42 The Da Vinci Code - Dan Brown
43 One Hundred Years of Solitude - Gabriel Garcia Marquez (started it, never finished)
44 A Prayer for Owen Meaney - John Irving
45 The Woman in White - Wilkie Collins (started to read)
46 Anne of Green Gables - LM Montgomery (another all-time favorite)
47 Far From The Madding Crowd - Thomas Hardy
48 The Handmaid's Tale - Margaret Atwood
49 Lord of the Flies - William Golding
50 Atonement - Ian McEwan
51 Life of Pi - Yann Martel
52 Dune - Frank Herbert
53 Cold Comfort Farm - Stella Gibbons
54 Sense and Sensibility - Jane Austen
55 A Suitable Boy - Vikram Seth
56 The Shadow of the Wind - Carlos Ruiz Zafon
57 A Tale Of Two Cities - Charles Dickens
58 Brave New World - Aldous Huxley
59 The Curious Incident of the Dog in the Night-time - Mark Haddon
60 Love In The Time Of Cholera - Gabriel Garcia Marquez (Started, don't think I finished it)
61 Of Mice and Men - John Steinbeck
62 Lolita - Vladimir Nabokov
63 The Secret History - Donna Tartt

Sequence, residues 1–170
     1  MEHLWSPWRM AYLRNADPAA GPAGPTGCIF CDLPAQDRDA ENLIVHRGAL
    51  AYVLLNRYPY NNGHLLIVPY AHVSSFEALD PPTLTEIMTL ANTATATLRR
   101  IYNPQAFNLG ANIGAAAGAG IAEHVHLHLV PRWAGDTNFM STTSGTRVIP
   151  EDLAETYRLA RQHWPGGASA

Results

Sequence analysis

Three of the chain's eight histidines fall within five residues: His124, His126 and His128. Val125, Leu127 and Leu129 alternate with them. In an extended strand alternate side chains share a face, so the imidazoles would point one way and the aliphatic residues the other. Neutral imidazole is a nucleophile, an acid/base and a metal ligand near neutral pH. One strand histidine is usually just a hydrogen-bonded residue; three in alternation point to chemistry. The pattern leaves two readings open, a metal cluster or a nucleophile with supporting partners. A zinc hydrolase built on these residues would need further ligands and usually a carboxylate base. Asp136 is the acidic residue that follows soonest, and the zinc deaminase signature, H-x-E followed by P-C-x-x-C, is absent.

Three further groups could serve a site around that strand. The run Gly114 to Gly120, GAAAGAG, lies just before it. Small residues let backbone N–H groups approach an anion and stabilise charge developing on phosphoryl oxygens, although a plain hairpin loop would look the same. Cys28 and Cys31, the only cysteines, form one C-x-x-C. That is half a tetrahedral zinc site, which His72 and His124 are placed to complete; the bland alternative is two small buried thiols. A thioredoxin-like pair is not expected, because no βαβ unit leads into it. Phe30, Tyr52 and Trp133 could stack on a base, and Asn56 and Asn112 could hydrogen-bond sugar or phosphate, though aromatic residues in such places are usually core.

64 The Lovely Bones - Alice Sebold
65 Count of Monte Cristo - Alexandre Dumas (Did I? Might be confusing it with The Scarlet Pimpernel)
66 On The Road - Jack Kerouac
67 Jude the Obscure - Thomas Hardy
68 Bridget Jones's Diary - Helen Fielding (laugh-out-loud book)
69 Midnight's Children - Salman Rushdie
70 Moby Dick - Herman Melville
71 Oliver Twist - Charles Dickens
72 Dracula - Bram Stoker
73 The Secret Garden - Frances Hodgson Burnett
74 Notes From A Small Island - Bill Bryson (had this on my "to read" list last summer)
75 Ulysses - James Joyce
76 The Bell Jar - Sylvia Plath (for college class)
77 Swallows and Amazons - Arthur Ransome
78 Germinal - Emile Zola
79 Vanity Fair - William Makepeace Thackeray
80 Possession - AS Byatt (loved it)
81 A Christmas Carol - Charles Dickens
82 Cloud Atlas - David Mitchell
83 The Color Purple - Alice Walker
84 The Remains of the Day - Kazuo Ishiguro